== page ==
The 10-Day Plan to Stop Acid Reflux

Cool off your acid reflux woes with this plan from heartburn specialist Dr. James Rosser.

Step 1: Eliminate Land Mines

Revamp your diet by getting rid of acid-promoting foods. This includes all foods with a pH of less than five, such as the caustic C's: caffeine, chocolate, canned foods, citrus and carbonated drinks. You should also eliminate alcohol, pre-packaged processed foods, fried foods and peppermint.

Step 2: Add in Alkaline Allies

Alkaline foods are on the opposite end of the spectrum from acidic foods, so they help neutralize stomach acid. Make sure to incorporate plenty of bananas, avocados, olives, watermelon, blue cheese, skim milk, eggs and fish into your diet. 


Step 3: Eat Small Meals Every 2-3 Hours

Time and frequency of when you eat also can help your acid reflux. A full stomach can make the valve between your stomach and esophagus relax, causing stomach acids to back up. Eating smaller meals with more frequency can prevent that. Try to eat on set schedule and make sure not to miss any meals. 

Step 4: Ditch the Antacids

OTC antacids aren't very strong, and you don't need them in addition to any acid blockers you might already be taking. Your diet and lifestyle changes will do a better job than antacids will. If you are taking an acid blocker, make sure to take it 30-60 minutes before meals.

Step 5: Keep Your Diet on Cruise Control

After 10 days, continue with the plan and make sure to maintain the alkaline foods you added into your diet. You can re-introduce the foods you eliminated earlier if you follow this rule of thumb: for every acidic food (like your favorite spicy tomato sauce), combat it by eating two alkaline foods. 

This plan was originally created for Dr. Oz's Truth Tube. See how Tricia cooled off her acid reflux with this plan and get past expert Truth Tube plans here. Plus, take Dr. Rosser's Heartburn Risk Test.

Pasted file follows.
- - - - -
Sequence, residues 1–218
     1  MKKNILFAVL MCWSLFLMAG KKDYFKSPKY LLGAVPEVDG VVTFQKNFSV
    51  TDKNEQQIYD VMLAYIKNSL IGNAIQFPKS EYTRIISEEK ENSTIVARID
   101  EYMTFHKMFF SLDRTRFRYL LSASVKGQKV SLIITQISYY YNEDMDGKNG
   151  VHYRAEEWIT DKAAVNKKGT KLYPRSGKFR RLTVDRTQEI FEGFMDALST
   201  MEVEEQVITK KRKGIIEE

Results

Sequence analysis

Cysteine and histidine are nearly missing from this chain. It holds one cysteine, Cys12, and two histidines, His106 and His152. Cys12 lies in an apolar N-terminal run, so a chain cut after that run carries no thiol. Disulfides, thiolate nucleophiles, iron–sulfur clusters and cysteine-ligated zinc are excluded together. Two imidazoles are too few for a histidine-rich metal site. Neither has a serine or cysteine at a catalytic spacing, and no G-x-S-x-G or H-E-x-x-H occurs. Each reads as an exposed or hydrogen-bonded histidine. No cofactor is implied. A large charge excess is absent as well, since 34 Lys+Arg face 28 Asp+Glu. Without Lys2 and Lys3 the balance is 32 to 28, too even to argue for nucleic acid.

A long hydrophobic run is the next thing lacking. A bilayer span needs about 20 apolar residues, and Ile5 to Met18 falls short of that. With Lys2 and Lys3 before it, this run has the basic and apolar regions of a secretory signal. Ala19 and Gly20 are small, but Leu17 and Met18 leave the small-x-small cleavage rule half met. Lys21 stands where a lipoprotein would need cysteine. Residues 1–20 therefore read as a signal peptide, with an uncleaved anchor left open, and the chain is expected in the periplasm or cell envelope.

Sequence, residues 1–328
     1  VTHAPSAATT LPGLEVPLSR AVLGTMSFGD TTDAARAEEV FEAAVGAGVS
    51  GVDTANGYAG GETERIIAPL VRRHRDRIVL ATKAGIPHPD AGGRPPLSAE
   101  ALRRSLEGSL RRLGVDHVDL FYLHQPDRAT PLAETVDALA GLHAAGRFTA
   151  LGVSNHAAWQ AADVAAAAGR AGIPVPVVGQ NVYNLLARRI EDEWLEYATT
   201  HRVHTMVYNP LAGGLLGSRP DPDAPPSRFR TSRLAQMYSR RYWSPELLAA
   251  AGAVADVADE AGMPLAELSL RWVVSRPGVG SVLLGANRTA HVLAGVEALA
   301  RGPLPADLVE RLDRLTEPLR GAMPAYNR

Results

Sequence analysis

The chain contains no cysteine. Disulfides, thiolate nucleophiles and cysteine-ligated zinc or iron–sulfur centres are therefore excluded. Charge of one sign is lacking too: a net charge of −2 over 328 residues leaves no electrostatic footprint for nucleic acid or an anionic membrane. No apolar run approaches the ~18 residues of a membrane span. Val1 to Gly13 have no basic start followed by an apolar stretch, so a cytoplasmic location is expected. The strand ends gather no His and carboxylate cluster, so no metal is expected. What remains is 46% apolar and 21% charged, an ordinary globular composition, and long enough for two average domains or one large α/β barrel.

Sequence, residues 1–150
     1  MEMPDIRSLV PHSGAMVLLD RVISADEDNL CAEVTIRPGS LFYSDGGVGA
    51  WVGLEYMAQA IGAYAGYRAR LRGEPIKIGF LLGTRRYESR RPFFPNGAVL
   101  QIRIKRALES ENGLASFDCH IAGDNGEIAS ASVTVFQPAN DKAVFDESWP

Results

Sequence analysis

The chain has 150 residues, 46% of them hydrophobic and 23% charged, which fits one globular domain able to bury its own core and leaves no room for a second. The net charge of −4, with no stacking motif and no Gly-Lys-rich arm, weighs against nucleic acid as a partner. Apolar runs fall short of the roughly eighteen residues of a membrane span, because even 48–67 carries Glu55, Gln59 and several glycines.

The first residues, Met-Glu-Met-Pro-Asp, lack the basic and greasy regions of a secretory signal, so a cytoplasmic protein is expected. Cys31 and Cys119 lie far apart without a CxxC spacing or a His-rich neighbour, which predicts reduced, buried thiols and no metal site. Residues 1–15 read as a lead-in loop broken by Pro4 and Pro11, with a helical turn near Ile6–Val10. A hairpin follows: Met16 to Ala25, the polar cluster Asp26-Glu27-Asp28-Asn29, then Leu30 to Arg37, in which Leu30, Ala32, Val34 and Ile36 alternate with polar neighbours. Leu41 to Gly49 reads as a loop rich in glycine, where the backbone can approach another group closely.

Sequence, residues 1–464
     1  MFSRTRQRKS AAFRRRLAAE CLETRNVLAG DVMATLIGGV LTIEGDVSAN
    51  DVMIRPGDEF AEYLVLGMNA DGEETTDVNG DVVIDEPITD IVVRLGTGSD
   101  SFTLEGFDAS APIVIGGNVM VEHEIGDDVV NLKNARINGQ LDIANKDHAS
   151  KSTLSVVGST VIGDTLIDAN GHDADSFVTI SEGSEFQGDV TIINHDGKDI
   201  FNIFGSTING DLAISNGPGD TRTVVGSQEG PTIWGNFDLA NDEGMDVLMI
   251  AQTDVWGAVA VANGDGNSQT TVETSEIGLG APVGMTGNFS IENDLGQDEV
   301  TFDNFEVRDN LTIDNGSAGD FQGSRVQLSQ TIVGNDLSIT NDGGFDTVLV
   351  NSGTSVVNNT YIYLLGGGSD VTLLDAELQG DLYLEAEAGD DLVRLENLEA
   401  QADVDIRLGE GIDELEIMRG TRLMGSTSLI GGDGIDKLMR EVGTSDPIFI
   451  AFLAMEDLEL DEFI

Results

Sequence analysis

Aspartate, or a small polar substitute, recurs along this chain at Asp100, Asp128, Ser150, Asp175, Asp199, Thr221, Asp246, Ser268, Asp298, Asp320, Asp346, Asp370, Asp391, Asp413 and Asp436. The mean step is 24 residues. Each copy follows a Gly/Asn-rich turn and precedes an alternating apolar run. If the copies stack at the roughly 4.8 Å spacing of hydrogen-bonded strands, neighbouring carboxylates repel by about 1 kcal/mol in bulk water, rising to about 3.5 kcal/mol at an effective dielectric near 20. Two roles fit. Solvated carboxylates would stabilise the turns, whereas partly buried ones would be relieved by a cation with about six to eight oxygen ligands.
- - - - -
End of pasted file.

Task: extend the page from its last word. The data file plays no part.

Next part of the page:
4 Steps to Shedding Your Pandemic Pounds

Forgive yourself, and start walking toward a healthier you.

For those of you who have put on the Pandemic Pounds or added several new COVID Curves, you are not alone. Alarmingly, the American Psychological Association has recently published that almost half of all adults in their survey now have a larger physique. In fact, 42% of people reported gaining roughly 15 pounds (the average published was surprisingly 29 pounds but that included outliers) over the past year. Interestingly, 20% of adults in this survey lost about 12 pounds (I am surely not in this group). Clearly, there is a relationship between stress and weight change. In addition, one in four adults disclosed an increase in alcohol consumption, and 67% of participants distressingly revealed that they have new sleeping patterns.

This past year has brought about what has been called the 'new normal.' Social isolation and inactivity due to quarantining and remote working have sadly contributed to the decline in many people's mental and physical health, as demonstrated by the widespread changes in people's weight, alcohol consumption, and sleeping patterns. Gym closures, frequent ordering of unhealthy takeout, and increased time at home cooking and devouring comfort foods have had a perceptible impact. In addition, many people have delayed routine medical care and screening tests over fear of contracting Covid-19 during these visits. Unfortunately, the 'new normal' has now placed too many people at risk for serious health consequences, including heart attacks and strokes.

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